The real-life story of Jackie Robinson breaking baseball’s color barrier is a tale of such historical and athletic magnitude that any movie representation would have a tumultuous task capturing its impact accurately. In “42,” Warner Brothers hits it out of the park with a portrayal of the famed baseball player that is honest, entertaining and captivating.
The plot follows the story of Robinson (Chadwick Boseman), a baseball player who, in the 1940s, became the first African-American to join the major leagues. The film begins with Jackie as a young shortstop in the African-American baseball organization known as the “Negro Leagues.” Shortly after, Branch Rickey (Harrison Ford), the owner of the Brooklyn Dodgers, decides to seek out an African-American player for his team for the upcoming season. Rickey finds Robinson and signs him up to the Montreal farm team affiliate, where he shines as an undisputed all-star baseball player. Later, Robinson moves up to the big leagues to break the color barrier and to help the Dodgers on their quest to make the pennant.
Boseman gives an honest performance that was convincing enough to garner the praise of the actual wife of Jackie Robinson, Rachel Robinson. The portrayal of his character’s determination to succeed in baseball and in breaking down racial constructs is both inspiring and captivating. Ford is equally breathtaking in his role, and though his character claims to not have hired Robinson to take a stance on racial equality, he still comes off as admirable. He even claims, “There is only one color that I am concerned with, green.” Despite this self-interest, Ford’s character still comes off as heroic and contributes to the inspirational element of the film.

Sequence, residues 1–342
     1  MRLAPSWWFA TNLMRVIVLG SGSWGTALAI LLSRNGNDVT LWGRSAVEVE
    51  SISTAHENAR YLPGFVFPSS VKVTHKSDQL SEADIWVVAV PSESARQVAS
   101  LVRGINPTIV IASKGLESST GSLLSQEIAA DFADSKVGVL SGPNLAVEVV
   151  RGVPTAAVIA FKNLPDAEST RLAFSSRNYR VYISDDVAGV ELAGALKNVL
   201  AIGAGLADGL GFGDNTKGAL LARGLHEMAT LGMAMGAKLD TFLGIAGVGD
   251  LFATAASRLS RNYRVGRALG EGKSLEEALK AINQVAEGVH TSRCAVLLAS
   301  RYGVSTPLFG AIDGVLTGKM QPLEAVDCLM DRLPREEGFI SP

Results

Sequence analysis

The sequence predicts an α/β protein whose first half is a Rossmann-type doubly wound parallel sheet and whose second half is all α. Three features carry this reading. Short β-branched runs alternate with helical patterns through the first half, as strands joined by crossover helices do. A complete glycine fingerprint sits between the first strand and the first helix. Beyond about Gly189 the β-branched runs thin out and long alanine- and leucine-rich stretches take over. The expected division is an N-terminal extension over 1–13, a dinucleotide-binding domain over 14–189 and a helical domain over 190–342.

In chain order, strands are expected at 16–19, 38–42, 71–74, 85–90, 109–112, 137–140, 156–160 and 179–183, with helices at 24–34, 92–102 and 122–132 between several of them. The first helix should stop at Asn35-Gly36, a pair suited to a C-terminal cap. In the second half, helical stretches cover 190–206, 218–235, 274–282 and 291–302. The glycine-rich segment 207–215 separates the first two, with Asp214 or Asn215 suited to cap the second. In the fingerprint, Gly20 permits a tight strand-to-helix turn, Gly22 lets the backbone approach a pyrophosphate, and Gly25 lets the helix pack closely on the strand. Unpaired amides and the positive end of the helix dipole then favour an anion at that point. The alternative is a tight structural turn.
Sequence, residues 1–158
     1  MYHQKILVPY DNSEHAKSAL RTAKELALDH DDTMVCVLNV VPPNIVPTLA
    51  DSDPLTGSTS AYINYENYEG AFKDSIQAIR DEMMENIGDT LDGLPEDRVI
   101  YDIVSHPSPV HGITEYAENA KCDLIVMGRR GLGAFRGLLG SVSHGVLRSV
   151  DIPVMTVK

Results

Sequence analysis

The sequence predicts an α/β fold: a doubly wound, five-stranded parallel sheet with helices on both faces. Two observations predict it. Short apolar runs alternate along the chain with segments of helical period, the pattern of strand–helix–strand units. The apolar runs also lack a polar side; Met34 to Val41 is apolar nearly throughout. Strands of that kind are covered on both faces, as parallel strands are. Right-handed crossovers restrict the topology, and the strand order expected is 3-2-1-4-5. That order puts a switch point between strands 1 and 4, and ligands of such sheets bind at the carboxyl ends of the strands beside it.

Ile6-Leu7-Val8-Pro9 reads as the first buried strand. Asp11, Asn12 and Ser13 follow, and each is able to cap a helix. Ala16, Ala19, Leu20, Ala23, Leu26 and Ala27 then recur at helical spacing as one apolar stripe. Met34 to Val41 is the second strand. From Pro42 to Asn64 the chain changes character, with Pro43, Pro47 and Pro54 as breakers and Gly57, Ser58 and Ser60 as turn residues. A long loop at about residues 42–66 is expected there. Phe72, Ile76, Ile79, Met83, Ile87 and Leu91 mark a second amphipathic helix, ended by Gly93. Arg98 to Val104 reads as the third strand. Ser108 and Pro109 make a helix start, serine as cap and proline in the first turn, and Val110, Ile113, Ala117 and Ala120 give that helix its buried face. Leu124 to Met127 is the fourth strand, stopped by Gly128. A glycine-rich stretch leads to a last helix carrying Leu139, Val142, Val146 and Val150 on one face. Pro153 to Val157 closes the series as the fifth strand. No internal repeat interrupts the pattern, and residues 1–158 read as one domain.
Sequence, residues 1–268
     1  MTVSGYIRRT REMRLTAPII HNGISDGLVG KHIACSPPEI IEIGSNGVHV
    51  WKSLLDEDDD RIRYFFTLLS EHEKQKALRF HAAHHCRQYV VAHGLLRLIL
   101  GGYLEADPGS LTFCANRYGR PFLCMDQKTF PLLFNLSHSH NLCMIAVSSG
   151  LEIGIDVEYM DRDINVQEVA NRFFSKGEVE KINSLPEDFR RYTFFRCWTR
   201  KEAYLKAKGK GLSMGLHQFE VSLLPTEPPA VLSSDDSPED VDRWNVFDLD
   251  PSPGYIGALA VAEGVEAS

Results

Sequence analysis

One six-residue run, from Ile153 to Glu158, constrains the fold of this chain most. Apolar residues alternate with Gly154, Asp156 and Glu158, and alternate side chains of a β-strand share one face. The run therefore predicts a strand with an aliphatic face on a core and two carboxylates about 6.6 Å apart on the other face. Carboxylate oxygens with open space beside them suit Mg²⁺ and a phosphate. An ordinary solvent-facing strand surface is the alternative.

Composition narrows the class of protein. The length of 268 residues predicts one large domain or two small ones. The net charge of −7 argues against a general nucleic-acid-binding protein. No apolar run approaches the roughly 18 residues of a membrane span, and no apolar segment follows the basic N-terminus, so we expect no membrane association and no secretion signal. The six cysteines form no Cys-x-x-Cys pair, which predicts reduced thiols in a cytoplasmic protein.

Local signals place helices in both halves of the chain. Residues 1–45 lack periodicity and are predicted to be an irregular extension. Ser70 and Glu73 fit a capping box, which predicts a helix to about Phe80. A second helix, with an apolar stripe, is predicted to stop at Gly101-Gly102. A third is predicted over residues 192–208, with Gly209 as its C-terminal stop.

The screenplay, by Brian Helgeland, represents the time period right down to the finest of details. It expertly captures the impact that Robinson had not only on baseball, but also on America as a whole. As Robinson breaks into baseball, side characters give contrasting reactions to his rise to stardom. In one pivotal scene, a man approaches Robinson in what appears to be a racially charged rage when, in fact, the man reacts with support. The moment helps Robinson, as well as audiences, see that his actions do more than just provoke the antagonistic, pro-segregation fans.
The main detriment of the film’s script is its lack of a backstory about the life of Robinson before baseball. Aside from a select few scant remarks about early experiences, little is uncovered about Robinson that isn’t about his already widely known baseball career and his impact on racial equality. This limits the plot and the depth of the storytelling.
The directing, also by Helgeland, places an equal emphasis on the historical aspects as well as the sports story. By not giving into the temptation of making a trite underdog film, Helgeland guides “42” to appeal to a wide variety of cinematic audiences. People interested in the traditional biography as well as in the typical baseball movie will find common ground and mutually enjoy the film.
By the end of “42,” audiences will have experienced a story of true beauty and depth that could easily leave one inspired. In fact, the general high quality of the film may even inspire audiences to want to see it again.
Overall Rating: 3 and a Half Stars
Director Brian Helgeland delivers a strong biopic of famous baseball player, Jackie Robinson.